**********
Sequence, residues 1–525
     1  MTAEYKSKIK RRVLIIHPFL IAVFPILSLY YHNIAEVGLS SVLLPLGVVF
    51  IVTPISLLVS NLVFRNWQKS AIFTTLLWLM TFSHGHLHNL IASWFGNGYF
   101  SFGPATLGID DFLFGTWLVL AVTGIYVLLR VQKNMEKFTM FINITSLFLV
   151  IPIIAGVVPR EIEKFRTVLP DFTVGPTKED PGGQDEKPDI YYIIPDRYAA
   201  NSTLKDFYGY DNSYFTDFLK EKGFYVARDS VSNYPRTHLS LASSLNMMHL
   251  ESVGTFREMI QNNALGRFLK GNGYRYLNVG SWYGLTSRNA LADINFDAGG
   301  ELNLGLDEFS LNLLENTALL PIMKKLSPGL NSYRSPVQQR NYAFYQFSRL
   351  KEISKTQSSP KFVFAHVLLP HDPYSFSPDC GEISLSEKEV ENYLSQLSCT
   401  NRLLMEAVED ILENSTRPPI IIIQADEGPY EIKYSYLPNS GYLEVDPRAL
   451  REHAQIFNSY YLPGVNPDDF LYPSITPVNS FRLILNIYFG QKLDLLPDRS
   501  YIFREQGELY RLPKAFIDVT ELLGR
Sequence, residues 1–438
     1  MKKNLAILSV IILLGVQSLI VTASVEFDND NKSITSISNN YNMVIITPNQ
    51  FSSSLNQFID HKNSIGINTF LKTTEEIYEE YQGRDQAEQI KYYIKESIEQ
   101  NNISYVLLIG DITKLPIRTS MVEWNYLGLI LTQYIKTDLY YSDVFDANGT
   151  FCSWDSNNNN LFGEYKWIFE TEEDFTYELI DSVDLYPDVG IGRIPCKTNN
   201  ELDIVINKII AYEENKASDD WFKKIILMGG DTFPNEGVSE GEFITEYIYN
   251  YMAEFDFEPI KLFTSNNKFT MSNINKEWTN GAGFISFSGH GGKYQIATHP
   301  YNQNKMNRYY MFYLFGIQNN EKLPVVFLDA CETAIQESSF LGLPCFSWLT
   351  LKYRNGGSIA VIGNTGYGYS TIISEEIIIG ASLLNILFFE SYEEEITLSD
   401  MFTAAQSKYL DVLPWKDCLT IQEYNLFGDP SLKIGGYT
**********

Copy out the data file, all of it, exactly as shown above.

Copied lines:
Sequence, residues 1–525
     1  MTAEYKSKIK RRVLIIHPFL IAVFPILSLY YHNIAEVGLS SVLLPLGVVF
    51  IVTPISLLVS NLVFRNWQKS AIFTTLLWLM TFSHGHLHNL IASWFGNGYF
   101  SFGPATLGID DFLFGTWLVL AVTGIYVLLR VQKNMEKFTM FINITSLFLV
   151  IPIIAGVVPR EIEKFRTVLP DFTVGPTKED PGGQDEKPDI YYIIPDRYAA
   201  NSTLKDFYGY DNSYFTDFLK EKGFYVARDS VSNYPRTHLS LASSLNMMHL
   251  ESVGTFREMI QNNALGRFLK GNGYRYLNVG SWYGLTSRNA LADINFDAGG
   301  ELNLGLDEFS LNLLENTALL PIMKKLSPGL NSYRSPVQQR NYAFYQFSRL
   351  KEISKTQSSP KFVFAHVLLP HDPYSFSPDC GEISLSEKEV ENYLSQLSCT
   401  NRLLMEAVED ILENSTRPPI IIIQADEGPY EIKYSYLPNS GYLEVDPRAL
   451  REHAQIFNSY YLPGVNPDDF LYPSITPVNS FRLILNIYFG QKLDLLPDRS
   501  YIFREQGELY RLPKAFIDVT ELLGR
Sequence, residues 1–438
     1  MKKNLAILSV IILLGVQSLI VTASVEFDND NKSITSISNN YNMVIITPNQ
    51  FSSSLNQFID HKNSIGINTF LKTTEEIYEE YQGRDQAEQI KYYIKESIEQ
   101  NNISYVLLIG DITKLPIRTS MVEWNYLGLI LTQYIKTDLY YSDVFDANGT
   151  FCSWDSNNNN LFGEYKWIFE TEEDFTYELI DSVDLYPDVG IGRIPCKTNN
   201  ELDIVINKII AYEENKASDD WFKKIILMGG DTFPNEGVSE GEFITEYIYN
   251  YMAEFDFEPI KLFTSNNKFT MSNINKEWTN GAGFISFSGH GGKYQIATHP
   301  YNQNKMNRYY MFYLFGIQNN EKLPVVFLDA CETAIQESSF LGLPCFSWLT
   351  LKYRNGGSIA VIGNTGYGYS TIISEEIIIG ASLLNILFFE SYEEEITLSD
   401  MFTAAQSKYL DVLPWKDCLT IQEYNLFGDP SLKIGGYT